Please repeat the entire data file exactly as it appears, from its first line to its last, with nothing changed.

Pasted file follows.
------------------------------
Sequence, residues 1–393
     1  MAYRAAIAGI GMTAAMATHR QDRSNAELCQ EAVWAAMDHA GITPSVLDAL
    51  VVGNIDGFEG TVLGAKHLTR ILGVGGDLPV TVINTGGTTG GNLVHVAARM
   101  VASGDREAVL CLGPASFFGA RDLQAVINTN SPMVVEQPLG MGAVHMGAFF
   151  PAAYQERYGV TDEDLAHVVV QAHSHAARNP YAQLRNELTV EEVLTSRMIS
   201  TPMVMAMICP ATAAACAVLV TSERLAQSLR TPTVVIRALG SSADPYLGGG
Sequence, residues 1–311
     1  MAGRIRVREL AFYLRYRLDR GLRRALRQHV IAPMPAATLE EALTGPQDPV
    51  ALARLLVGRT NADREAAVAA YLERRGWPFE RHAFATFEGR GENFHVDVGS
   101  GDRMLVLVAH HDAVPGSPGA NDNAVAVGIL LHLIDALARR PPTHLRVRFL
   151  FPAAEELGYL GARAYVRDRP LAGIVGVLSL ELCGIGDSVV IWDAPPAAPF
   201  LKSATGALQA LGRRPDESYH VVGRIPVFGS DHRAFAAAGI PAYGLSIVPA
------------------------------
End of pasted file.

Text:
Sequence, residues 1–393
     1  MAYRAAIAGI GMTAAMATHR QDRSNAELCQ EAVWAAMDHA GITPSVLDAL
    51  VVGNIDGFEG TVLGAKHLTR ILGVGGDLPV TVINTGGTTG GNLVHVAARM
   101  VASGDREAVL CLGPASFFGA RDLQAVINTN SPMVVEQPLG MGAVHMGAFF
   151  PAAYQERYGV TDEDLAHVVV QAHSHAARNP YAQLRNELTV EEVLTSRMIS
   201  TPMVMAMICP ATAAACAVLV TSERLAQSLR TPTVVIRALG SSADPYLGGG
Sequence, residues 1–311
     1  MAGRIRVREL AFYLRYRLDR GLRRALRQHV IAPMPAATLE EALTGPQDPV
    51  ALARLLVGRT NADREAAVAA YLERRGWPFE RHAFATFEGR GENFHVDVGS
   101  GDRMLVLVAH HDAVPGSPGA NDNAVAVGIL LHLIDALARR PPTHLRVRFL
   151  FPAAEELGYL GARAYVRDRP LAGIVGVLSL ELCGIGDSVV IWDAPPAAPF
   201  LKSATGALQA LGRRPDESYH VVGRIPVFGS DHRAFAAAGI PAYGLSIVPA